Nearby, in Studio #209, Colombian-born Alba Triana will unveil her sound sculpture, “Microcosmos,” which remains on view through September 3. In this new piece, combining the sensibilities of a poet and scientist, she explores the fundamental properties of sound and light waves in a mounted brass cymbal. “Here is a musical instrument,” she says, “but nobody plays the instrument.” Instead, she activates it via electronic signals. The generated vibrations, intuitively programmed as an elegant eight-minute looping composition, are audible – and simultaneously visible as a shimmering “aura” around the disc.
Hands-on (or ears-on) workshops, led by prominent scholar-experimenters in sound art, Jennie Gottschalk and Christoph Cox, will guide participants in focusing on the sound environment and then teach them practical strategies for collecting sound and creating their own pieces. Many works of sound art explore the ambiguous boundaries between private and public, interior and exterior spaces, noise and music.
The 45-seat, acoustically balanced Audiotheque space in the 924 building serves as a sound art lab and cozy presentation venue for Subtropics concerts and follow-up discussions. Live performances will include works by internationally known Olivia Block, John Driscoll, Richard Garet, Barbara Held and Matamoros himself. They range from multilayered compositions, including works by guests from Spain’s Association of Electro-acoustic Music, to extravagant improvisations by solo saxophonist Jack Wright, who will also lead a workshop.
Veteran percussionist/band leader and martial-arts aficionado, Abbey Rader, delivers a classic melding of jazz arrangements with spontaneous responses by ensemble members to the spirit of the moment.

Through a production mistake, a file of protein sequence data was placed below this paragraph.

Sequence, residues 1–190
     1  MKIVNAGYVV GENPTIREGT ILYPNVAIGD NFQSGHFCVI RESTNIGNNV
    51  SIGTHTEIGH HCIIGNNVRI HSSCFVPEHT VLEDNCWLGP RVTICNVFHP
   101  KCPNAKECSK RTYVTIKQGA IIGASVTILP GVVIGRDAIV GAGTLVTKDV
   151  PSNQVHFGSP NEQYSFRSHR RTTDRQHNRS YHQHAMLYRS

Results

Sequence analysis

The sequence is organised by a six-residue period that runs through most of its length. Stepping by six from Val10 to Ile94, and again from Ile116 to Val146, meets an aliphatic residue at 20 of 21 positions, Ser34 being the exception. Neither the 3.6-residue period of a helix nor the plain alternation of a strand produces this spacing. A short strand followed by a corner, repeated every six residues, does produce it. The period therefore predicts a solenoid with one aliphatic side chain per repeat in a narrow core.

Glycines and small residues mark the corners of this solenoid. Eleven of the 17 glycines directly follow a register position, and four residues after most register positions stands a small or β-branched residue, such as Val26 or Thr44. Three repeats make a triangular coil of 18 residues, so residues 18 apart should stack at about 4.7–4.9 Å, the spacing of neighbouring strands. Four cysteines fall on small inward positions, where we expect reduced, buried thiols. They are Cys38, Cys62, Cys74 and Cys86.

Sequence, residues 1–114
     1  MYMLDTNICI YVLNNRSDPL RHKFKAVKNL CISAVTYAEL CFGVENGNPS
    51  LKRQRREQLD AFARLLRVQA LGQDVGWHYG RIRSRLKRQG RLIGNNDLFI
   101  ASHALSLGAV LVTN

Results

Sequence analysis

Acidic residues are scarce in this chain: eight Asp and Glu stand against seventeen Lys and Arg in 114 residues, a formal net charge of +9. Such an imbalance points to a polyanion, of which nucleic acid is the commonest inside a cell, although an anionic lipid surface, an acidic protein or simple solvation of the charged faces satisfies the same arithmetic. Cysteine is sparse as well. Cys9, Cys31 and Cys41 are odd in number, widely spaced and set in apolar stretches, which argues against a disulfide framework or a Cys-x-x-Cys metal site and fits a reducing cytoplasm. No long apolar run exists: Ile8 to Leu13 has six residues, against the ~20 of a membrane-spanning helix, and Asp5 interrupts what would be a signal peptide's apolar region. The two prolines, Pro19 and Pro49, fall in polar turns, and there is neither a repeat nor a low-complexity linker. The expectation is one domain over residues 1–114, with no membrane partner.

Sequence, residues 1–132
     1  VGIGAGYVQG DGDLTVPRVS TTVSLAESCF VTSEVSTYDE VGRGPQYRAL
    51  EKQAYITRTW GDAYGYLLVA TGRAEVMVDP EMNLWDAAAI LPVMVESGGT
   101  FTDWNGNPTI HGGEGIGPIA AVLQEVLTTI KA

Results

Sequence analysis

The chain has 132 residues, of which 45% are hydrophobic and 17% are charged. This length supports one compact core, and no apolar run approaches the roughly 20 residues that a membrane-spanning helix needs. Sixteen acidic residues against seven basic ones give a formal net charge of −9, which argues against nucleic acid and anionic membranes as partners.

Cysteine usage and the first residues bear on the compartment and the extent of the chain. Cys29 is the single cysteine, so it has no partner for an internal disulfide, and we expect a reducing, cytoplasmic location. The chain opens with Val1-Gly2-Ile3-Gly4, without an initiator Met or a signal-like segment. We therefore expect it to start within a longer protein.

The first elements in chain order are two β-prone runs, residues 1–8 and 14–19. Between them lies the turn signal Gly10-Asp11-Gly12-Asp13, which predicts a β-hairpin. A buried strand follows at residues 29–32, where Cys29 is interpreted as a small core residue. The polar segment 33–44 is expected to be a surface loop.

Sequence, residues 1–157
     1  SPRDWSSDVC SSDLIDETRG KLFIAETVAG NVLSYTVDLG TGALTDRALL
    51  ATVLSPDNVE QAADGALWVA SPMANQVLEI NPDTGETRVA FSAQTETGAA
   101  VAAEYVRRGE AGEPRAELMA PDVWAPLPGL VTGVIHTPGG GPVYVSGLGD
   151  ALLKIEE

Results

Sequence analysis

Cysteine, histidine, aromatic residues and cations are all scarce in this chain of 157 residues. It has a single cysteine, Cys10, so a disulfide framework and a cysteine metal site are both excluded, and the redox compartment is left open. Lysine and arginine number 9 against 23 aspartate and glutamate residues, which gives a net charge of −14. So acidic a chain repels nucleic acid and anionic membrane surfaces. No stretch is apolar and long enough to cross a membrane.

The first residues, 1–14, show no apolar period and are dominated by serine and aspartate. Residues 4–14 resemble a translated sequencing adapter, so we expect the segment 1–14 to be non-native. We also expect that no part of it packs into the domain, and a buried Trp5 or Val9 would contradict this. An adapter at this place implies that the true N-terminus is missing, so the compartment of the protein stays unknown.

John Driscoll’s kinetic DIY instruments combine sophisticated miniature electronics with household odds and ends. Joysticks and other devices allow the performer to whimsically tweak various programmed tones, warbling feedback and other sounds.
Olivia Block’s immersive sonic installations derive from her processing of sampled radio broadcasts, fragments of found microcassette tapes and instrumental music. She composes these elements to create sound experiences, customized to specific performance spaces, such as Audiotheque.
The Subtropics Marathon festival finale is on July 22. Primarily featuring regional artists’ short works, the predictably unruly program will run from 5:00 p.m. until around midnight and likely encompass audience participation, noise, high-tech gadgetry and virtuosic musicianship.
Spanish-born composer José Hernández Sánchez, for example, will present “Broken English,” which offers unsettling discontinuities by introducing a minimalist refrain, then interrupting that flow with classical melodies and sound effects. The composer’s skillful weaving back of “loose threads” provides coherence, even as he determinedly unravels listeners’ comfort – perhaps paralleling the “broken English” that regularly enlivens and confounds a vital aspect of our daily sound environment.
During a period when our sensibilities are relentlessly assaulted by contentious political noise, Subtropics 24 offers a welcome alternative focus for ears, minds and hearts.
ArtburstMiami.com is a non-profit source of theater, dance, music and performing arts news.
Video interviews: https://vimeo.com/223551000
Subtropics XXIV Summer Festival, July 5 through July 22; exhibitions through Sept. 3; ArtCenter/South Florida, 924 Lincoln Road, Miami Beach.
For a complete schedule of performances, times and locations: http://subtropics.org.